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S&Ds: A new European budget investing in Europe, in people and in sustainable well-being for all


Euro & Finance
Social Europe & Jobs
The European Parliament budget committee today backed a report calling for an ambitious and responsible future EU financing. This report will be the mandate of the European Parliament for the negotiations with Council.
S&D vice-president Isabelle Thomas MEP, co-author of the Parliament’s report on the MFF revision, said:
“Europe is facing huge challenges - millions of young people still can’t find work; the effects of climate change are ever more present; and the refugee crisis is not over. If we want to address all these issues, then we need an EU budget that is both well funded and flexible. Today the Parliament backed an ambitious and serious vision of the next Multiannual Financial Framework (MFF), which sets the framework for the EU’s annual budgets for the next seven years.
“Firstly, we need to see the amount of money in the EU budget rise. We want to see the amount spent on the EU budget increase from 1 % of EU Gross National Income (GNI) to 1.3%. This will give us the billions of euros necessary to provide what our citizens want - money for Erasmus, the Child Guarantee, and money to face the refugee challenge.
“We also need to reform how the EU budget is funded. As resources of the EU budget come mainly from national contributions of the member states, the EU budget keeps on decreasing year by year. We need a more sustainable way of funding the EU budget through own resources. The S&D Group has long called for a financial transaction tax, a tax on multinational companies and carbon adjustment measures at EU borders, to fund the EU budget.”
Eider Gardiazábal Rubial, S&D Group spokesperson for the EU budget, said:
“Europe’s future is at stake. Member states are calling on the EU to do even more things - from tackling the root causes of migration to new security initiatives. This is positive but the EU can only act effectively if it has a well-funded budget. If we have new policies and objectives, then we also need additional financial resources, especially considering the Brexit-shaped hole in our finances.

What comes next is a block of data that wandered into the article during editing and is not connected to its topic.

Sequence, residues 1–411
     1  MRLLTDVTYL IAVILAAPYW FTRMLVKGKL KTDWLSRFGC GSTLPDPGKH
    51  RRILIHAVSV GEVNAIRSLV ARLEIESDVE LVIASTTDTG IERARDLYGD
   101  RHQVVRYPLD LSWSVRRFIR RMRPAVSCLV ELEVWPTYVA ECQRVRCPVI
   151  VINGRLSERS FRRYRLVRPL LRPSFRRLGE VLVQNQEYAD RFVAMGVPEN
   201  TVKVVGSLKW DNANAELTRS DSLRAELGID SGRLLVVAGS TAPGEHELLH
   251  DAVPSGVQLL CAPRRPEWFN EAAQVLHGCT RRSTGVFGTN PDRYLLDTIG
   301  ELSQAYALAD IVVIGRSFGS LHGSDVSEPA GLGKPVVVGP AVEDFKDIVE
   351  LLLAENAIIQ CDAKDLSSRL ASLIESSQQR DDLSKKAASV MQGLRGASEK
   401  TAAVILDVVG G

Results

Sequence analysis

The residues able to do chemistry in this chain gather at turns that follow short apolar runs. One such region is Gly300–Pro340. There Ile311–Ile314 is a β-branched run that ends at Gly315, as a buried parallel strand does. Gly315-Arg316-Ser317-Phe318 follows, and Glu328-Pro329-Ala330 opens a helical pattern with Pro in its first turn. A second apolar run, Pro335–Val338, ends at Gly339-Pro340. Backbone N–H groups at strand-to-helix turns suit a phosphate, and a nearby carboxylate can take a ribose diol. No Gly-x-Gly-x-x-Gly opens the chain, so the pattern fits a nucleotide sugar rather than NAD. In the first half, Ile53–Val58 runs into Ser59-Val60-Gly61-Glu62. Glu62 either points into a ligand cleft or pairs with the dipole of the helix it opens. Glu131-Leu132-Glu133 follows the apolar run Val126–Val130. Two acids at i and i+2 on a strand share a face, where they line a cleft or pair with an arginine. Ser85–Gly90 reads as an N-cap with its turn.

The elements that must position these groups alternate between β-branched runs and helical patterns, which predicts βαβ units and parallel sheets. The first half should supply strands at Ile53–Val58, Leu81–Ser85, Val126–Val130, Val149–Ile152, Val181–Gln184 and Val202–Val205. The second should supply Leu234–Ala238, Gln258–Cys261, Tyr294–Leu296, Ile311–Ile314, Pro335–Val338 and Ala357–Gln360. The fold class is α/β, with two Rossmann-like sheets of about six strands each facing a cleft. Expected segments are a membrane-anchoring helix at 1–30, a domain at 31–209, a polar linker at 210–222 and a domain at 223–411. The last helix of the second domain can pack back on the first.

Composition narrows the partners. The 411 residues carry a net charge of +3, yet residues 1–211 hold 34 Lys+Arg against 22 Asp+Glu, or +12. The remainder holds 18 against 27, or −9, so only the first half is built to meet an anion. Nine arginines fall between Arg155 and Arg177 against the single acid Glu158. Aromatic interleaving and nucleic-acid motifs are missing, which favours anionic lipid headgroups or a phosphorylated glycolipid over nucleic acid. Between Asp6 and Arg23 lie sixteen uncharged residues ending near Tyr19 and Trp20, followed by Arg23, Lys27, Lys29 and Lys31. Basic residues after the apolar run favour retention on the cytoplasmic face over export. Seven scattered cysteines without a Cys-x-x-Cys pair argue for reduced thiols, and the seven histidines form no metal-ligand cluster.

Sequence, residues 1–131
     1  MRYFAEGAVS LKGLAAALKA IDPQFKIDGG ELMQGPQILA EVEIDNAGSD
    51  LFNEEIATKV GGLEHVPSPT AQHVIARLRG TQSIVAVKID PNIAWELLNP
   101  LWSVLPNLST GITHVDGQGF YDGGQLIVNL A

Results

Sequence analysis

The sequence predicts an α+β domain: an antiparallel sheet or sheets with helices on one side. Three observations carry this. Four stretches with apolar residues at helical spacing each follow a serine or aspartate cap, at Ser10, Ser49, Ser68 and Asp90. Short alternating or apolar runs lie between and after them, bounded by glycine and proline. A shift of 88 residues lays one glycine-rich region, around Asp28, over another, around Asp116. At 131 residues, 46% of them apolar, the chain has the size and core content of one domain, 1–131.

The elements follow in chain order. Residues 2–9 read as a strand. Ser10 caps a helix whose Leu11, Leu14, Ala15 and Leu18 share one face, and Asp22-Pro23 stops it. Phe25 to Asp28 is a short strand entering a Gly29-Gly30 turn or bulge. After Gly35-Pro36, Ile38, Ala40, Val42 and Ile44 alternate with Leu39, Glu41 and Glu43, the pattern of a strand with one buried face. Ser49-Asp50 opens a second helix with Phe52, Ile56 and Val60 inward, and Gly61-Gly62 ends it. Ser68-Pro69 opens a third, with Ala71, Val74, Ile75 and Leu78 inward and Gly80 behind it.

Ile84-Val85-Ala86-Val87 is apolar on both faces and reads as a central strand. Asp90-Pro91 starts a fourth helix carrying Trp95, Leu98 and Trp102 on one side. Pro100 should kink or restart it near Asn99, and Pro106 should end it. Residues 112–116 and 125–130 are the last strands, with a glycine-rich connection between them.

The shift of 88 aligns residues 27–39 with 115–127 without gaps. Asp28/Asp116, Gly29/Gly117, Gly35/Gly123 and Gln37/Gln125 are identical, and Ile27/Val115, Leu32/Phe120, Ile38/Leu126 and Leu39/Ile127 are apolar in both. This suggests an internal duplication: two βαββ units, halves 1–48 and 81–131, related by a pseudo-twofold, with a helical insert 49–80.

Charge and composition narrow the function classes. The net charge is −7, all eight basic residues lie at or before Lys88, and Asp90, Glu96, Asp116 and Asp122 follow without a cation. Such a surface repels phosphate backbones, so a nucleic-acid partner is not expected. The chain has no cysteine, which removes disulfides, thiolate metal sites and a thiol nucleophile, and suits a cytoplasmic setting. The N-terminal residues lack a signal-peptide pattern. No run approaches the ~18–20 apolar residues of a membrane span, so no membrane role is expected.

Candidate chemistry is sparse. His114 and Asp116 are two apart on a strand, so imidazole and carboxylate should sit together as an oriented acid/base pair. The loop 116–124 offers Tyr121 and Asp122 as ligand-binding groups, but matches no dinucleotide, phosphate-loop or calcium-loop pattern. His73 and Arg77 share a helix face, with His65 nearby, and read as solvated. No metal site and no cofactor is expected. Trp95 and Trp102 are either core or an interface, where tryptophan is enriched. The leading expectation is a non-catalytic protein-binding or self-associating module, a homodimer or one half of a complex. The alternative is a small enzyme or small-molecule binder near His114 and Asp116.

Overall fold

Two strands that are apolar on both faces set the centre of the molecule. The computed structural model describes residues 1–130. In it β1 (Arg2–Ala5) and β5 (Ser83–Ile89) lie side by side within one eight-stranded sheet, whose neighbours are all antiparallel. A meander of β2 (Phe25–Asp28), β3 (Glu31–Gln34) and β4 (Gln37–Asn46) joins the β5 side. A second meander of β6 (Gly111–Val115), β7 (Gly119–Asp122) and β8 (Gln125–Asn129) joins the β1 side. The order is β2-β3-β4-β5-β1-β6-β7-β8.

“We hear that EU economies are improving, but this is not being felt by millions of young Europeans who still cannot find work. In Spain, Greece and Italy, still between a third and half of all young people are not in work or in training. This is a disgrace. We will not back any budget that does not prioritise young people.
“We also need money to address climate change, which remains the biggest issue facing the planet. Climate change does not recognise international boundaries and we can only act effectively if we work together. We are calling on member states to finally get serious and provide the EU with the money to make a real difference in reducing CO2 emissions in Europe and around the world.”
Note to editors
The budget committee today voted on two separate reports, one on the future MFF and one on proposals for own resources to fund the new budget. This comes ahead of the European Council outlining its initial view at the end of February.
The reports will now be voted on by the whole Parliament in March before the European Commission puts forward its proposals at the start of May. Negotiations will then begin with the Parliament and Council in order to reach a formal agreement before the next EU elections in 2019.
The Group also sent a letter to all heads of state and government urging them to back a well-funded EU budget.